Saturday, February 20, 2016

Top 8 reasons why to not hike the OCT in winter

Siletz Bay in February (through my windshield)
It’s kind of tempting: while the Cascades are snowbound, why not do an off-season thru-hike on the Oregon Coast Trail? What’s a little rain?

Consider “Dave” (I don’t actually know his name), who wound up at my friend Pat’s house in Gearhart last Sunday, Feb. 14. It was late afternoon when he wandered into a cafĂ© seeking warmth and wifi, and the owner—after chatting with him—called Pat. She knew that Pat is part of the Warmshowers community, a free worldwide hospitality exchange for touring cyclists. If anyone ever needed hospitality that wet afternoon, it was Dave.

“He was sopping wet,” Pat says—after just one night and a day on the trail. His preparation seemed to have been Wild caliber: a tarp but no tent or ground cloth. A pack weighing in at more than 50 pounds. Too much heavy food—including 11 glass jars of almond butter (“They were on sale,” he told Pat). She dried him out, helped him decant his almond butter into ziplock bags, and sent him on his way the next day—he was eager to continue—into weather that would range that week from balmy to pounding hail and torrential rain.

You might get away with a decent section hike in winter, depending on the section. But the frequency of crappy weather is only one reason to not hike the OCT in winter. Here are my top 8 reasons to plan your OCT thru-hike for late June through September.

It’s lonely. No one else in the hiker-biker camps. No one on the beach. Sad.

Windfall is a pain. You may still run into trails blocked by fallen logs (and brush) in summer, if trail crews haven’t been through yet. You definitely will in winter or spring. Sometimes it’s easy to get around, and sometimes it’s not.

High tides can be very high, to the point where the beach just disappears. And sneaker waves are frequent.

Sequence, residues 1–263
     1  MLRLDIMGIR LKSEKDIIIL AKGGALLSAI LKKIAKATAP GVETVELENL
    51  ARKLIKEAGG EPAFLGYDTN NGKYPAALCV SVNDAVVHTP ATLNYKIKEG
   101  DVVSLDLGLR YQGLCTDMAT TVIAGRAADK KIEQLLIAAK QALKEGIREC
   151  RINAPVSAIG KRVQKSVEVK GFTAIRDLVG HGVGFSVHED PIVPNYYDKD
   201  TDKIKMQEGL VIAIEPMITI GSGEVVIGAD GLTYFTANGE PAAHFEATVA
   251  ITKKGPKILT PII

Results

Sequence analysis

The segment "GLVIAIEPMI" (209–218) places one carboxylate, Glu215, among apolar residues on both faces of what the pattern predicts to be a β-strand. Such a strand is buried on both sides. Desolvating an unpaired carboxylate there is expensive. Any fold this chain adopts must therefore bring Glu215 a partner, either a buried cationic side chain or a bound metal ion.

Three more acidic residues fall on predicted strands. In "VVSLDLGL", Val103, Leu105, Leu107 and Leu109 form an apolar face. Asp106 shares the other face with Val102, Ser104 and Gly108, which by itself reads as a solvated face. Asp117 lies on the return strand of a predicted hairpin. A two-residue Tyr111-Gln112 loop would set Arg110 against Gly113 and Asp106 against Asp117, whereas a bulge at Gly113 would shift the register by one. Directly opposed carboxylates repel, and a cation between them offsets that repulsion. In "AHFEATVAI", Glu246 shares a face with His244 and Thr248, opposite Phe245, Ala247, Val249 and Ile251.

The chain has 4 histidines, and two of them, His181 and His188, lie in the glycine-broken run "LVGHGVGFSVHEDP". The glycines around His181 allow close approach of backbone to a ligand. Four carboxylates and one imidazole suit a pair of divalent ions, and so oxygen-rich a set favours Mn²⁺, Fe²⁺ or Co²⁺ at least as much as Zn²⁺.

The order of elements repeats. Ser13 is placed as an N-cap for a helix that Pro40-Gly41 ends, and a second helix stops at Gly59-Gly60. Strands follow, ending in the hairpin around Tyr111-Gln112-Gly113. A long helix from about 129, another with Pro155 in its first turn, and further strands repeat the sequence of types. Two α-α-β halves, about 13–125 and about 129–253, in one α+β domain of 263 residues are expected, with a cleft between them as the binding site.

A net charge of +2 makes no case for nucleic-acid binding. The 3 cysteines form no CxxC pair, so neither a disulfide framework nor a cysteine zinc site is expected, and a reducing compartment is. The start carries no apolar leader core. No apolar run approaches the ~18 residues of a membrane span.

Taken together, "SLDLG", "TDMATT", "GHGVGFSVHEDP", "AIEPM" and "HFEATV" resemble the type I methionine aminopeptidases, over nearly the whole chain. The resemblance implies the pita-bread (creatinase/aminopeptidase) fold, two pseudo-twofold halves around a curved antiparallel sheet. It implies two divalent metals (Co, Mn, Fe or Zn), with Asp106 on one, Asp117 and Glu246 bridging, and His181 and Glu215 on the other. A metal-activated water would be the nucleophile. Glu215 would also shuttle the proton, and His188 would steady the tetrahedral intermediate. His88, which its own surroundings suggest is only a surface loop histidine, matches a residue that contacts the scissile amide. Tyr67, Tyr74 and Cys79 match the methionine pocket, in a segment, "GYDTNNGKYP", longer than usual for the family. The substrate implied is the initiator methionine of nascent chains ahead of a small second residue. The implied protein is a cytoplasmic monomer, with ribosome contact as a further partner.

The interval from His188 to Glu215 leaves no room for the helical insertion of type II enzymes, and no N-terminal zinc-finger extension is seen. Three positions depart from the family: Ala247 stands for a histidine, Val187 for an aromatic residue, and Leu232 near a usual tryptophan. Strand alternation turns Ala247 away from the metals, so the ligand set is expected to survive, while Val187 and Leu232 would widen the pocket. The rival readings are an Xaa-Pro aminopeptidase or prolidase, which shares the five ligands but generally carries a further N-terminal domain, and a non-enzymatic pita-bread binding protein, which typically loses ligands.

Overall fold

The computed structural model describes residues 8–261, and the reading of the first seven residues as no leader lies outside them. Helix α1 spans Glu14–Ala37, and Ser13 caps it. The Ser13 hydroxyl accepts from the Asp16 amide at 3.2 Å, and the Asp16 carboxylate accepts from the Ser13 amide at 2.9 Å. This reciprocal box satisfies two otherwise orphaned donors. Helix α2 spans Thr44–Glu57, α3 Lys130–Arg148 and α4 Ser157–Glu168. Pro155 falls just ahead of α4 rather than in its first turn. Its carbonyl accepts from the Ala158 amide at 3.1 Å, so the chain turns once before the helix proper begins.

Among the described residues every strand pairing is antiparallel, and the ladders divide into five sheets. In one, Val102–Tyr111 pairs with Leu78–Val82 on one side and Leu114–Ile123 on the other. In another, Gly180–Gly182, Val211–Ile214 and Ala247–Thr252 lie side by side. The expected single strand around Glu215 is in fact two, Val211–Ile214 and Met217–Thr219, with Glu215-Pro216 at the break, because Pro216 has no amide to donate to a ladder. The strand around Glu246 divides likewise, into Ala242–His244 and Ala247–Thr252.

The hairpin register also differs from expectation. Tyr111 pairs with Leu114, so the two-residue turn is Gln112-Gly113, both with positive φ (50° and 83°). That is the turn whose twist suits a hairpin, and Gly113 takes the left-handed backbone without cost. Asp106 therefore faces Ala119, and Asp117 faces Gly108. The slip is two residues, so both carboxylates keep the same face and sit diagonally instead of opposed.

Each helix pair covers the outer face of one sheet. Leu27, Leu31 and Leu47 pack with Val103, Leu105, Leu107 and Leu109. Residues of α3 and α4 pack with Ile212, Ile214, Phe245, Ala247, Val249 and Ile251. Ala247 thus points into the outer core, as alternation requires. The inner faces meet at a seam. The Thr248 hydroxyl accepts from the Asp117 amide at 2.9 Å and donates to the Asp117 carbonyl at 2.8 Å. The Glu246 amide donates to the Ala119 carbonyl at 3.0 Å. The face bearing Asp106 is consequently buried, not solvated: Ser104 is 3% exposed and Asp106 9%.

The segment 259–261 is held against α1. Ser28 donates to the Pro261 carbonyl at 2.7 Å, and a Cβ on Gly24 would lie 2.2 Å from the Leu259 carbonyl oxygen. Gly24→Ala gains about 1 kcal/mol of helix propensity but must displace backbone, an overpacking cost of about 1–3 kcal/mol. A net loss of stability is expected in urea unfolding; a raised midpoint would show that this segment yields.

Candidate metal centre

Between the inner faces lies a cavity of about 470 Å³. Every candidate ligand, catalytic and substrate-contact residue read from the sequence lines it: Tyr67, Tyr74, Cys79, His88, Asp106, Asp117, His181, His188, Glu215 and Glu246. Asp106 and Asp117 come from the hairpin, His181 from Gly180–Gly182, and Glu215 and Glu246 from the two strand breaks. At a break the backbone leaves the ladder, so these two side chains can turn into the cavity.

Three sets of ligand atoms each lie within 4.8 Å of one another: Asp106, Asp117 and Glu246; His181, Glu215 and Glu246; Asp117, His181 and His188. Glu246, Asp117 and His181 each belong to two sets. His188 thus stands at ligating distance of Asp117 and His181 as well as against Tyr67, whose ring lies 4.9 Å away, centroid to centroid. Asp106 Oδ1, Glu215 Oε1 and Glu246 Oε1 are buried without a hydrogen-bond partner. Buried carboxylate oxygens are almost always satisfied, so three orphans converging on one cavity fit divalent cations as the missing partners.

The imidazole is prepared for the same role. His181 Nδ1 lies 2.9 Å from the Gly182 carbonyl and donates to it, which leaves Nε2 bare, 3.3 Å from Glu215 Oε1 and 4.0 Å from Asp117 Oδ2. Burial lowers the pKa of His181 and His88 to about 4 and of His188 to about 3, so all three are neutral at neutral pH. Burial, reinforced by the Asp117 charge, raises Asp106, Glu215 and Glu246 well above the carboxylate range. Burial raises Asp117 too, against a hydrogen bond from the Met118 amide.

Snow on Haystack Rock at Cannon Beach
It’s cold. True, it rarely snows on the Oregon Coast, and it can be quite warm (nearly 80 one day last week), but you can run into pretty cold weather which, combined with the prevailing wetness, is a recipe for hypothermia.

It rains. A ton. On average, 11 to 14 inches a month November through March on the north coast. In summer you’re likely to get some rain over the course of your thru-hike, but not a lot.

It can be dangerous on headlands. High winds during winter storms can send branches and whole trees toppling.

There’s no simple way across the bay mouths. In summer it’s easy to flag a passing boater or prearrange a ride with a charter boat operator. In winter, boaters are inside by the fire. Where you should be.

The mouth of New River: easy to wade in July, impossible in winter.
The wade-able rivers are too high to wade. This is the main reason why you ought to wait until summer to thru-hike the OCT. By late June, all the creeks and rivers are typically at their lowest level and many can be waded, certainly at low tide. In winter they’re so high that you have to find a bridge across them, which can mean long detours off the beach and onto Highway 101. Which sort of defeats the point of a thru-hike on the beach.

(Did I mention that the new edition of my hiking guidebook includes everything I know about thru-hiking the OCT?)